Ten Questions for Emily Skaja


This week’s installment of Ten Questions features Emily Skaja, whose debut poetry collection, Brute, is out today from Graywolf Press. The winner of the 2018 Walt Whitman Award from the Academy of American Poets—an annual prize for a first book of poems that includes $5,000, publication, and a six-week residency at the Civitella Ranieri Foundation in Umbria, Italy—Skaja’s debut is an elegy to the end of a relationship that confronts love, loss, violence, grief, and rage. “What do we do with brokenness?” asks prize judge Joy Harjo, who selected the winning manuscript. “We document it, as Skaja has done in Brute. We sing of the brokenness as we emerge from it. We sing the holy objects, the white moths that fly from our mouths, and we stand with the new, wet earth that has been created with our terrible songs.” Emily Skaja grew up in rural Illinois and is a graduate of the MFA program at Purdue University. Her poems have been published in Best New Poets, Blackbird, Crazyhorse, FIELD, and Gulf Coast. She lives in Memphis.

Emily Skaja, author of Brute.  (Credit: Kaitlyn Stoddard Photography)

1. How long did it take you to write Brute?
Five years. I started writing the poems in Brute in 2012. About three years into it, I had a book-length manuscript, but it felt incomplete to me. I wound up cutting or revising more than half of it, and then I spent another two years rethinking, rewriting, and rearranging it before I fully understood what shape it should take. In that time, I changed so much as a person that the manuscript began to feel closed off to me. Trying to write back into it was like being in conversation with a ghost of myself—a voice that draped itself in my clothes and spoke about my experiences, but from the point of view of someone who was a few steps removed from me. I found that in order to keep working on the book, I had to write my way back into it in a way that honored the time and distance that separated the new self from the ghost. As a result, there are a lot of poems in the book in which I address my younger self and try to reassemble her memories with the wisdom of recovery.

2. What was the most challenging thing about writing the book?
There’s a lot of mystery in my writing process, and I have the suspicion that I’m doing all the steps out of order. At the outset, I never know where any project is going. I start with a pile of drafts and look for signs of my own obsessions, and then I try to understand why I keep returning to a particular idea, feeling, or image. No matter how many times I reassure myself that I am, in fact, in charge of this process, I always feel as if I’m the last person to understand what I’m writing toward. It’s only in revision that I can see how consistently I’ve written about a particular idea, and then I can revise and cut and rework the poems as needed. Writing Brute was a painful process of self-discovery because my analysis of the obsessions in the manuscript required me to address parts of myself and my past that still felt raw. Initially, I believed that I was just writing a series of sad love poems, and then about halfway through drafting the book I realized that I was writing about grief and power and self-abandonment and rage. The poems are about my own experiences with abusive relationships, so changing my mind about the book also meant changing my mind about my life, and that proved to be very difficult.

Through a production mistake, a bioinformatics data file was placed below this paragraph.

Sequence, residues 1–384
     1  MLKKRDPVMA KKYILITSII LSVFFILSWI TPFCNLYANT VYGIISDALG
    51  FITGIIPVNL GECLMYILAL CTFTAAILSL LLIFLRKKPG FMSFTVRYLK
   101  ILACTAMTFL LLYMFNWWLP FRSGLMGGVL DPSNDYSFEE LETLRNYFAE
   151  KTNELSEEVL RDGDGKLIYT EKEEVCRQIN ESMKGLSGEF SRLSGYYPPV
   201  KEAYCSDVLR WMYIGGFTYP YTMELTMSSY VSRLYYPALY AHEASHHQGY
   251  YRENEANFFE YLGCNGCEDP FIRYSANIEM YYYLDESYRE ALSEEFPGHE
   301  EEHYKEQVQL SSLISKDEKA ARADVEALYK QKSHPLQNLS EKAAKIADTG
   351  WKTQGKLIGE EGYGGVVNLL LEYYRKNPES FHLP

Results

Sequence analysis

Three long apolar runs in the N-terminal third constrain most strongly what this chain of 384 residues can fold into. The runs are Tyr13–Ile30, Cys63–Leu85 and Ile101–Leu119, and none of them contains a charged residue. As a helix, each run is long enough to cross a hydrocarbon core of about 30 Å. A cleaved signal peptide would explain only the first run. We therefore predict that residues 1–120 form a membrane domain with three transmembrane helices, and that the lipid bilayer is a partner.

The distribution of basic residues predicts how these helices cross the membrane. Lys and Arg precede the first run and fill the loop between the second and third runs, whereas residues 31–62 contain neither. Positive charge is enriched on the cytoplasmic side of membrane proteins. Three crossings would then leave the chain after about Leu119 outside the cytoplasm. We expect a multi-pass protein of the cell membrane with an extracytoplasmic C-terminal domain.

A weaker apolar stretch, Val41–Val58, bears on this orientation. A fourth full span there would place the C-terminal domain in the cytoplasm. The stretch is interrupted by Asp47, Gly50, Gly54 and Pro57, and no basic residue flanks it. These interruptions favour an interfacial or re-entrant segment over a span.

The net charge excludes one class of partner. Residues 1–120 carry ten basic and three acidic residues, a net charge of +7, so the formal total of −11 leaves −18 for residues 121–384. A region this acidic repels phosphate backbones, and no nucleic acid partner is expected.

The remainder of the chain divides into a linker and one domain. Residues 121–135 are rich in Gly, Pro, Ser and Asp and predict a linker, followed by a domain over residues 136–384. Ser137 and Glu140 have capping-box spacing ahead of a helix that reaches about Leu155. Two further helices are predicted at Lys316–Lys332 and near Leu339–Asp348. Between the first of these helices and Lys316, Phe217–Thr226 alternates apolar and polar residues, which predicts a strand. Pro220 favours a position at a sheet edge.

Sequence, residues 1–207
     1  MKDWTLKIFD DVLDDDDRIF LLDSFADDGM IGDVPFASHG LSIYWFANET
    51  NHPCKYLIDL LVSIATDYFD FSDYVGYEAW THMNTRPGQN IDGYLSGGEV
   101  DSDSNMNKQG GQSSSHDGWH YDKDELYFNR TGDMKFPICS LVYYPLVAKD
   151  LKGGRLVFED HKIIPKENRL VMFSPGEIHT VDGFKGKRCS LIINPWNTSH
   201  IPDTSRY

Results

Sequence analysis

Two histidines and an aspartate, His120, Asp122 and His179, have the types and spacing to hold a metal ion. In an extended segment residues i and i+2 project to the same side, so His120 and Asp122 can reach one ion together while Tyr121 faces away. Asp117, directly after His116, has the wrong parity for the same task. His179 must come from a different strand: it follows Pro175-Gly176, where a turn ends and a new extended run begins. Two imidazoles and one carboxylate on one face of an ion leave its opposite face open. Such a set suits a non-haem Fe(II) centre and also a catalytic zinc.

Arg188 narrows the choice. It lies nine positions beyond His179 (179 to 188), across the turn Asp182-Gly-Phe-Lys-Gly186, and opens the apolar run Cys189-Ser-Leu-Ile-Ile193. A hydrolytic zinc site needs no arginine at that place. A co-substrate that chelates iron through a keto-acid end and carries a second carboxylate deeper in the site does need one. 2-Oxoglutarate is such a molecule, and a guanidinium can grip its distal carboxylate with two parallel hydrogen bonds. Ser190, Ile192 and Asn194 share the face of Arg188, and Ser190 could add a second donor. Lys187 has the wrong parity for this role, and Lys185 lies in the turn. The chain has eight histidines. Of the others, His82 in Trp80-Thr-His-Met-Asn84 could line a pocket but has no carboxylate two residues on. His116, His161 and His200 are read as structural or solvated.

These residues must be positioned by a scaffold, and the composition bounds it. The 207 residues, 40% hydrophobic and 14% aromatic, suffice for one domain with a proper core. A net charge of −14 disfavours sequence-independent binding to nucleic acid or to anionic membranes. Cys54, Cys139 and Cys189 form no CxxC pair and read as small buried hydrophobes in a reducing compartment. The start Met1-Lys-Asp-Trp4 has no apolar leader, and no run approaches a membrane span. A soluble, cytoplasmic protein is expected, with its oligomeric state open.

3. Where, when, and how often do you write?
I write late at night at a big table I once painted bright orange during some heady HGTV-evangelist period of my life. I go through irregular seasons of writing. Something will trigger a writing cycle and I will work on fifteen poems in a row, and then I’ll experience a long, fallow period where I have no impulse to write at all. My strategy is to feed the fallow period with heavy reading. I try to be patient with myself when I’m not writing, but I’m much less forgiving if I’m behind on reading.

4. What was the most unexpected thing about the publication process?
The most surprising and gratifying part so far has been gaining a community of sympathetic readers. For a long time, I was writing these poems from a place of shame, so it has meant so much to me to hear from other people who have shared the same experiences or felt an emotional resonance with these poems.

5. What are you reading right now?
I’m reading Notes to Self by Emilie Pine, The Far Field by Madhuri Vijay, Deaf Republic by Ilya Kaminsky, and Build Yourself a Boat by Camonghne Felix. I recently finished Long Live the Tribe of Fatherless Girls by T Kira Madden, which I loved so much I know I will read it a second time. I also loved The Water Cure by Sophie Mackintosh and Milkman by Anna Burns.

6. Which author, in your opinion, deserves wider recognition?
Ingrid Rojas Contreras, whose brilliant essay “All Good Science Fiction Begins This Way” I have admired and taught for years, and who recently published a novel I also loved, Fruit of the Drunken Tree.

7. What is one thing you’d change about the literary community and/or the publishing business?
I would like to see more widespread initiatives to support writers of color, especially women and nonbinary writers.

8. What is the biggest impediment to your writing process?
I think my own brain is my worst impediment. I spend a few hours every day so consumed by dread that I can’t make myself do anything, so I sometimes daydream about all the amazing projects I could finish if I could reallocate those dread hours.

9. What trait do you most value in an editor?
I love to work with editors who can look at a line or a poem that isn’t quite right and help investigate what its curiosities are or what ideas it’s trying to find its way into.

10. What’s the best piece of writing advice you’ve ever heard?
The wonderful Don Platt once advised me to “go hard into the weird and stay there.”